Tuesday October 03 - 10/03/2017 12:30 pm
Kenton Theatre

Peter Snow and Ann Macmillan: War Stories£12.50

BBC and ITV news presenter turned respected historian, Peter has previously appeared at Henley alongside his son Dan. This year, he is joined by his wife – longtime CBC correspondent Ann – to talk about War Stories:their moving account of 34 ordinary men and women, swept up in war, who pushed the boundaries of love, bravery and suffering. Their tales span four centuries, from Edward Seagar who survived the Charge of the Light Brigade and Magdalene de Lancey who tenderly nursed her dying husband at Waterloo to Second World War spy Krystyna Skarbe.
Sponsored by James Cowper Kreston

Monday October 02 - 10/02/2017 12:30 pm
Kenton Theatre

Sophy Ridge: The Women Who Shaped Politics£10

We have our second female Prime Minister but the road to power for women as politicians has been long and fraught. The presenter of Sky News’ Ridge on Sunday tells the story of those who put their lives on the line for equal rights and those who were the first to set foot inside Westminster. With exclusive interviews with Nicola Sturgeon, Ruth Davidson, Betty Boothroyd, Theresa May and more, she asks: what is it like to be a woman in politics today?
Sponsored by Phyllis Court Club

Monday October 02 - 10/02/2017 06:30 pm
Kenton Theatre

The Countess of Carnarvon: At home at Highclere£12.50

Downton Abbey made us all envious of Highclere Castle, where Lady Carnarvon has the good fortune to live. Her love of Highclere’s history has inspired her to tell the story four real-life weekends between 1866 and 1936, when the great and the good gathered at Highclere with dramatic results. An insight into a very different world, and a chance to hear how she entertains ‘At Home’ today.
Sponsored by Hotel du Vin

Saturday October 07 - 10/07/2017 01:00 pm
Phyllis Court

Anita Anand: The World’s Most Infamous Diamond£10

The stories surrounding the celebrated Kohinoor diamond are the stuff of legend. BBC radio and TV presenter Anita reveals the true story of the diamond – also known as The Mountain of Light – as it moved from the Mughal court to Persia to Afghanistan, to Maharaja Ranjit Singh’s durbar in Punjab. Handed over in 1849 to Queen Victoria, the ‘official’ history of the diamond set in the crown worn by Queen Elizabeth the Queen Mother and displayed among the Crown Jewels is not all it appears to be…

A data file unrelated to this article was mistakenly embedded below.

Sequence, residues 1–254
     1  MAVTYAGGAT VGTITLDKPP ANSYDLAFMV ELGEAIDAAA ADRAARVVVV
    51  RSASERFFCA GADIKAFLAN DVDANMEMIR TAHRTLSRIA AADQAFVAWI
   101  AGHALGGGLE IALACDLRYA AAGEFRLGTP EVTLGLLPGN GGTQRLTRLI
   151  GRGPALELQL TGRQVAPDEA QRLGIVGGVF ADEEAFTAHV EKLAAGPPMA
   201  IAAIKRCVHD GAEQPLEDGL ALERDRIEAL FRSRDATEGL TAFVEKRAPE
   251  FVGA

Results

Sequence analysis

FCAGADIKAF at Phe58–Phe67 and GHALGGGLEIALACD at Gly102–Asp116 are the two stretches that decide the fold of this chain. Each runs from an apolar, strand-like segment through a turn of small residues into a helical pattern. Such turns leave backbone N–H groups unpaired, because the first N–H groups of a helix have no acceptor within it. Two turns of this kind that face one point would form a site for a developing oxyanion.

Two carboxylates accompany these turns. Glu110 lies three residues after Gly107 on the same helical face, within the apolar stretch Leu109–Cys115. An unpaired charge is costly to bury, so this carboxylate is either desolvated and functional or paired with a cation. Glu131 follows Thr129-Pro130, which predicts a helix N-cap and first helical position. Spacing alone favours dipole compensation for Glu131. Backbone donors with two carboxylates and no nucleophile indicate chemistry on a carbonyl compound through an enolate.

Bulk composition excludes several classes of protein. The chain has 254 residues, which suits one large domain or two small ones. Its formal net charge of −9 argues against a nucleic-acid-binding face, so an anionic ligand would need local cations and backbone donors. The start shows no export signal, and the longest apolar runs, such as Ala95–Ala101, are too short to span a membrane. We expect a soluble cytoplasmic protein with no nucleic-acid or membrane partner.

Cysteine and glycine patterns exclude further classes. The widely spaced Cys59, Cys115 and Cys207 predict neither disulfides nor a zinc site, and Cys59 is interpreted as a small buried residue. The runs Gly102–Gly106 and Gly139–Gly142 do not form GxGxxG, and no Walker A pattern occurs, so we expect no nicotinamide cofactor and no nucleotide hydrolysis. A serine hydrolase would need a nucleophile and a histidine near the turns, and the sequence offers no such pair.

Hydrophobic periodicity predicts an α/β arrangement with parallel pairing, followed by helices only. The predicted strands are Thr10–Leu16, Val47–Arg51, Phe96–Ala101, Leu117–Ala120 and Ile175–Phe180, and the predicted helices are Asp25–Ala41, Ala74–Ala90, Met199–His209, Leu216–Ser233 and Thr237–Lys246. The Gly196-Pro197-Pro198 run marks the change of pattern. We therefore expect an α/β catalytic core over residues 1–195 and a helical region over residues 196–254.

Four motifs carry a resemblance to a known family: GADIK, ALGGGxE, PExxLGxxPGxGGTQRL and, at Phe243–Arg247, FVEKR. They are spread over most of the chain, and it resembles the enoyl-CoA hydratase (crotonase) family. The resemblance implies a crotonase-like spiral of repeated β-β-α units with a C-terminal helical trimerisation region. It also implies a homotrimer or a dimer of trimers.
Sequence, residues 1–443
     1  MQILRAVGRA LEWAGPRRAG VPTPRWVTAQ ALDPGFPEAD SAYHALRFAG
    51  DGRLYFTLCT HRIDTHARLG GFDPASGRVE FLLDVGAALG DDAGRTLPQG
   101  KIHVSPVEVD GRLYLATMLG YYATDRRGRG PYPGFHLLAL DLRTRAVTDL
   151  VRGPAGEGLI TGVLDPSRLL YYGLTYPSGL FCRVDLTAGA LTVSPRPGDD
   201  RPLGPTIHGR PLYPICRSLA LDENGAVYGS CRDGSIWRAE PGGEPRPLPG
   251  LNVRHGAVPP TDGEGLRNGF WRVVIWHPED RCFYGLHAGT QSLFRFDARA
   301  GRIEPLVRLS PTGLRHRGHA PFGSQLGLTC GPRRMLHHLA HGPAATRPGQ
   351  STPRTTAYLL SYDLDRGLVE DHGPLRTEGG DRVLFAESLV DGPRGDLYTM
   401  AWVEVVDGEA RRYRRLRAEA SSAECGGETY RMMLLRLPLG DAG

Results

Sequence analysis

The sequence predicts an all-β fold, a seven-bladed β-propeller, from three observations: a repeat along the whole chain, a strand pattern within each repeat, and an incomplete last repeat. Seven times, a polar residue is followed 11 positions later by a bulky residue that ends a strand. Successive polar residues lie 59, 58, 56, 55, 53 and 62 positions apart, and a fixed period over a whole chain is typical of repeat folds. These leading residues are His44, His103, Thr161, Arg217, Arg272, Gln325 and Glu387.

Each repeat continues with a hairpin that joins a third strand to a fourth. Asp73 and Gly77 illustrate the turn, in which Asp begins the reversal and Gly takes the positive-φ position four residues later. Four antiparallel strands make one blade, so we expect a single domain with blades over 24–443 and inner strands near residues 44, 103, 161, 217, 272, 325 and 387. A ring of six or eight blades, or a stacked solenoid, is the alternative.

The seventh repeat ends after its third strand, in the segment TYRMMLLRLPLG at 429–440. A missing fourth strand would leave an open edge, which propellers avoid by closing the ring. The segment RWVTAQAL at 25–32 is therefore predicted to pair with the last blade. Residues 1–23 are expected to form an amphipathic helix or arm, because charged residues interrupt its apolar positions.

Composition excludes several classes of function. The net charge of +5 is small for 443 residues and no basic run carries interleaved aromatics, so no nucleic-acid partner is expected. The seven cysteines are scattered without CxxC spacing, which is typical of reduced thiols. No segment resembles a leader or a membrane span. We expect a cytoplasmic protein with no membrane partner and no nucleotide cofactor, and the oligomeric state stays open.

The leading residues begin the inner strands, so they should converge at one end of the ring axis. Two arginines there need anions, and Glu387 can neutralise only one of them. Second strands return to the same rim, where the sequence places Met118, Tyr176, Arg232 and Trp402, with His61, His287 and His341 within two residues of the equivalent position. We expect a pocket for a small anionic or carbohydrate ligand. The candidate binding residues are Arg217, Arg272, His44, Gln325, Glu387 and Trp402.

Wednesday October 04 - 10/04/2017 02:30 pm
Phyllis Court

Chris Skidmore: Richard III£10

Richard III only reigned for two tumultuous years before treachery led to his death at the Battle of Bosworth. Chris – an acclaimed historian as well as Parliamentary Secretary at the Cabinet Office and Conservative MP for Kingswood – goes behind the legend to discover every facet of the personality of one of the most significant figures in medieval history. The brutality and power struggles of a bloody age are brought to life.

Wednesday October 04 - 10/04/2017 12:30 pm
Phyllis Court

Roy Hattersley£12.50

A long and distinguished political career has given way to a life dominated by writing for the former deputy leader of the Labour Party. Now, Lord Hattersley turns his attention to the Catholic Church in Britain. The book traces its history from the Reformation, focusing on the lives of Catholics who faced prosecution and persecution but helped the church to survive because of their refusal to compromise. Hear from one of our greatest speakers.

Wednesday October 04 - 10/04/2017 04:30 pm
Phyllis Court

Rebecca Fraser: The Mayflower on the Thames£10

Cruise down the Thames listening to historian and broadcaster Rebecca recount the epic journey of the Mayflower and how the family of Edward Winslow, an apprentice printer from Worcestershire, set off for a life of religious freedom and opportunity. It was a new life – but not without its struggles and dangers before, eventually, survival.

UNFORTUNATELY THIS EVENT IS SOLD OUT. PLEASE CALL THE BOX OFFICE IF YOU WISH TO JOIN THE WAITING LIST.

Tuesday October 03 - 10/03/2017 02:30 pm
The Hibernia

Patrick Bishop: The History of the RAF£8

The Royal Air Force celebrates its centenary next year and Air Force Blue sees one of our most respected writers on the armed forces explores the lives and wartime experience of thousands of men and women. Patrick, author of Fighter Boys and Bomber Boy , creates a compelling picture of the wartime RAF, whether wheeling over Kent in a Spitfire, rumbling towards the Ruhr in a Halifax or looking down from the cockpit of a Liberator at the grey waters of the North Atlantic.